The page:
Stone Mountain
Commemorative Half Dollar



The Illustrations below identify the key grading elements for the Stone Mountain Commemorative Half Dollar.  We will use these references in describing grading elements.

The coin obverse has several design features that are important to understand.

  • The highest surface element is Lee's gloved left hand and left leg.  These will show wear first, but can also be flattened from a less than complete strike.
  • Lee is also wearing a long coat that covers a portion of what is often considered the leg (shown with stripes in the image above).
  • When the coin is fully struck there are diagonal folds in the coat that will show and will traverse nearly the whole coat from about eleven o'clock toward four o'clock.  But wear will also cause these to deteriorate quickly.
  • Lee's stirrup is a high point just below the leg and begins to flatten with wear.
  • The bridle is not at a high point near Traveler's head, but where it crosses Lee's holster it is nearly as high as the leg.  It is also a somewhat fragile element and tends to be flatten easily with wear or a less than complete strike.
  • Lee's holster starts to show wear just after the bridle and glove.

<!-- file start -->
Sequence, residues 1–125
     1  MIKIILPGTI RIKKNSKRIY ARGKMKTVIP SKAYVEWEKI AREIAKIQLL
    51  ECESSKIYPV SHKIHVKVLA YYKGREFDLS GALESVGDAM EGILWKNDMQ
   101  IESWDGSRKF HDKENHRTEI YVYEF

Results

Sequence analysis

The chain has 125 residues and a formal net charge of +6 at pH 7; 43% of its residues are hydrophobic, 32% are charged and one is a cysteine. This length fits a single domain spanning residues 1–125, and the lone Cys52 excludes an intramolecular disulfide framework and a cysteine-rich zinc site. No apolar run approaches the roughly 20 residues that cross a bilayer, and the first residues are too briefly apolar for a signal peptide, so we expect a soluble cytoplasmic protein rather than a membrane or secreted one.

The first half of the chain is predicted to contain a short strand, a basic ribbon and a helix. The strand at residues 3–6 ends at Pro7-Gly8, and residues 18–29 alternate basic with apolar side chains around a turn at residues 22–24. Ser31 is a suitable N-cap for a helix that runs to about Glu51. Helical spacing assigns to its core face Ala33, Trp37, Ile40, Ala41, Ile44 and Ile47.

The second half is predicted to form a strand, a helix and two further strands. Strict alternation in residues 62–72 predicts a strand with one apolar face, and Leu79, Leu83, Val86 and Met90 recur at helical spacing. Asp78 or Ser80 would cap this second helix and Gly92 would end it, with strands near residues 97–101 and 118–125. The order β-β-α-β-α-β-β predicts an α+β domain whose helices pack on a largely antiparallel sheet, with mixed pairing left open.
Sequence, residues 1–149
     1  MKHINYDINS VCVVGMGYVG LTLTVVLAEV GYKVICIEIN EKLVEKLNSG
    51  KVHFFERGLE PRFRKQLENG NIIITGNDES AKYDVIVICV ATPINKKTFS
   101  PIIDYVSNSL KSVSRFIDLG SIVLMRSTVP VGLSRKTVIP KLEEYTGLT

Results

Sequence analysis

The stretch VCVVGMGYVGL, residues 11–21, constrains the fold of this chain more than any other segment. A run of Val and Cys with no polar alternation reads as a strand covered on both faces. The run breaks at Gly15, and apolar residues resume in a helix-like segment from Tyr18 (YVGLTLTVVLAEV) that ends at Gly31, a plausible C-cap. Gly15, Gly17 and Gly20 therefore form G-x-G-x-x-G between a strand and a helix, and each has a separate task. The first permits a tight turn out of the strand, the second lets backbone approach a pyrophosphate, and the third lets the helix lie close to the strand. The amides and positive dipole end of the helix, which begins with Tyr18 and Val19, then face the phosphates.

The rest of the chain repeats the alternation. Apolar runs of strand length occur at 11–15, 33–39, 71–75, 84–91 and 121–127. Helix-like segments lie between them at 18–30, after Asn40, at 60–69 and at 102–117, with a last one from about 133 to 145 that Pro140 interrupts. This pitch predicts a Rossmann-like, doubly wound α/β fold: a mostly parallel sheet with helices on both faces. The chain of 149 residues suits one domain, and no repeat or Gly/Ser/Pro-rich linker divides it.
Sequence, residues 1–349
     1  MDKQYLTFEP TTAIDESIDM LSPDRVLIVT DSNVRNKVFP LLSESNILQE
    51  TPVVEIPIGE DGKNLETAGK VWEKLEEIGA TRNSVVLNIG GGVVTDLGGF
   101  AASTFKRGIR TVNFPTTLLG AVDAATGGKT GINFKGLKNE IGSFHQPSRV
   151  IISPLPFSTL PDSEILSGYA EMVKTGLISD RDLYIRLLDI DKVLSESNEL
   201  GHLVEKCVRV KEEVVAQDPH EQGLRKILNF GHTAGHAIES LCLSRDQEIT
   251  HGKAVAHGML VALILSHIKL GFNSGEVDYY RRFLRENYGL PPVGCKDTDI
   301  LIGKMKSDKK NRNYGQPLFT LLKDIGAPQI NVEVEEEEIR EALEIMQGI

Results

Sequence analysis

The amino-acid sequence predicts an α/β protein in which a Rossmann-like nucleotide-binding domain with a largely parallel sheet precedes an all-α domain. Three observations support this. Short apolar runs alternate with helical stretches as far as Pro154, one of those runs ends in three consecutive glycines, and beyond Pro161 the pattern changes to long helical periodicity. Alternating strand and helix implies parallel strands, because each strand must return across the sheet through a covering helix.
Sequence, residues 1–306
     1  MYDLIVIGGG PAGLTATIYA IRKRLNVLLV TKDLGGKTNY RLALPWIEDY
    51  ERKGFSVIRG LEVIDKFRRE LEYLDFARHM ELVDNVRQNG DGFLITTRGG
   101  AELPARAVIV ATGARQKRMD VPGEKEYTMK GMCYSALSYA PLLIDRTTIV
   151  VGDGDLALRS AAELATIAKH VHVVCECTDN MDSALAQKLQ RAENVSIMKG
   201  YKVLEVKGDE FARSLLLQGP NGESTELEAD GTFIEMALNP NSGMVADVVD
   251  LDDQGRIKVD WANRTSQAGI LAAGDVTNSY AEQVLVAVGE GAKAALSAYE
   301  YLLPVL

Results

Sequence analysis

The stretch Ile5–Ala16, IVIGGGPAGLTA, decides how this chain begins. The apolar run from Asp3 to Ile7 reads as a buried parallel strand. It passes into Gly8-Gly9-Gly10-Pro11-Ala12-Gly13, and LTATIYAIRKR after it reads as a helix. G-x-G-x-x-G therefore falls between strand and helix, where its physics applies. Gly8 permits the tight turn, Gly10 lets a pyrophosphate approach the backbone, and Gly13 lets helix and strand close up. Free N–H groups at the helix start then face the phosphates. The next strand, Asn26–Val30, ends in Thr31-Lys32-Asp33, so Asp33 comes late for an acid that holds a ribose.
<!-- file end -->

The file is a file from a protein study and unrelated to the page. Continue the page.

• Lee's hat brim is a high point, but it traverses all the way to the field.  So it will show wear early, but almost never disappear even at the lowest grades.
  • The thirteen stars are almost always visible, even in circulated grades.
  • In addition to the date doubling on the double die variety, Little Sorrel's head will often be doubled as a thin line on the front of the face.

Although artistically pleasing, the coin reverse is poorly designed from a practical standpoint.  With the high point in the design offset to the northeast very uneven wear is often produced on uncirculated coins.  Then there is a practical production note when striking coins.  The design of the die must be such that it facilitates the flow of metal into all areas of the finished coin.  With the Eagle offset it would have taken more metal flowing to the upper right and less toward the lower left.  This peculiarity shows up in some wear patterns when coins begin to go down in grade.

  • The Eagle's breast is the high point in the design and shows wear first.  It is important to distinguish between wear and a weak strike because they will exhibit similar loss of detail.
  • The Eagle's head and the tops of the wings are next in the relief and begin to lose detail about the same rate.
  • The Eagles legs also lose detail with wear but are lower in the design.
  • In the word LIBERTY, the TY is positioned on top of the rocky outcrop and are higher in the relief than the other letters.  They often show wear or disappear much faster than the rest of the letters.
  • Of major concern is the stars in the field.  Rarely do all thirty-five stars show and they can be lost from an incomplete strike, wear, die repolishing, or bag damage.

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